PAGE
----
Corporate and Commercial
When establishing a new business, the extent of your potential liability for the debts and other obligations of that business is one of the key issues for you to consider.
A limited company is a separate legal entity and, as such, its financial (and other) obligations are separate to those of its individual shareholders. In other words, the shareholders in a limited company are not usually personally liable for the debts and other obligations of the company.
Instead, the liability of the company’s individual shareholders is limited to the amount that they have each invested in the company in order to help set it up to trade – if the company fails, this is how much the shareholders each stand to lose. This is the concept of ‘limited liability’.
As the name suggests, the principle of limited liability also applies to limited liability partnerships or ‘LLPs’. The members of an LLP will not usually assume any personal liability for the financial obligations of the LLP, but they will lose their individual investments if the LLP fails.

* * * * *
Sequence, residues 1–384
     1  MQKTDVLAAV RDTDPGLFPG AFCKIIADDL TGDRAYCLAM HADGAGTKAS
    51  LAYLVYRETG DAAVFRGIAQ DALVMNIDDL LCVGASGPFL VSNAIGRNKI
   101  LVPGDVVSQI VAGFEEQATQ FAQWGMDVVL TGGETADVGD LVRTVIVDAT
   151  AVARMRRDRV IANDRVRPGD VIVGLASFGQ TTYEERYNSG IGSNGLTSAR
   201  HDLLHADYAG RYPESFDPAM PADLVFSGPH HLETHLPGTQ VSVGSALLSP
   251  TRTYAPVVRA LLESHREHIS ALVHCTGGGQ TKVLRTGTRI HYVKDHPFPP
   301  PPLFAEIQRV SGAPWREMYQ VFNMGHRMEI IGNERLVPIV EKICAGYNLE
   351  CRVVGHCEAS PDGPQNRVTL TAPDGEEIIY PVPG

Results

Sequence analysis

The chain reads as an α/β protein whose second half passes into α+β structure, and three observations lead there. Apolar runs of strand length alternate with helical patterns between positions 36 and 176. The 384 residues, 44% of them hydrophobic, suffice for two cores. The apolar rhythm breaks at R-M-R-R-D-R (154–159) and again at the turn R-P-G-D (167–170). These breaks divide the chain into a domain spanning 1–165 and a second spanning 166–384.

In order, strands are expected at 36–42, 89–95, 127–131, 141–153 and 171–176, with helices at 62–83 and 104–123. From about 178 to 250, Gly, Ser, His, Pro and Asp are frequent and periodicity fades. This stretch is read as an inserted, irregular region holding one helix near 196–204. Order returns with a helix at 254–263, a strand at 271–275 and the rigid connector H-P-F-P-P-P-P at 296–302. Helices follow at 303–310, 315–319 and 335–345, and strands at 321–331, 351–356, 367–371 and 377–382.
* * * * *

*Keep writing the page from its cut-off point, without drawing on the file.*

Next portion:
In practice, the principle of limited liability can be varied. For example, if one or more of the shareholders in a limited company (often the directors) are required to give personal guarantees to the company’s bank or landlord, or to one of its significant suppliers, those shareholders will assume personal liability for the debts/obligations of the company that they have guaranteed. Members of an LLP may be asked to give similar personal guarantees.
If you choose to operate as a sole trader, or through a ‘traditional’ partnership (i.e. not an LLP), then you will be personally liable for the debts and other obligations of the business.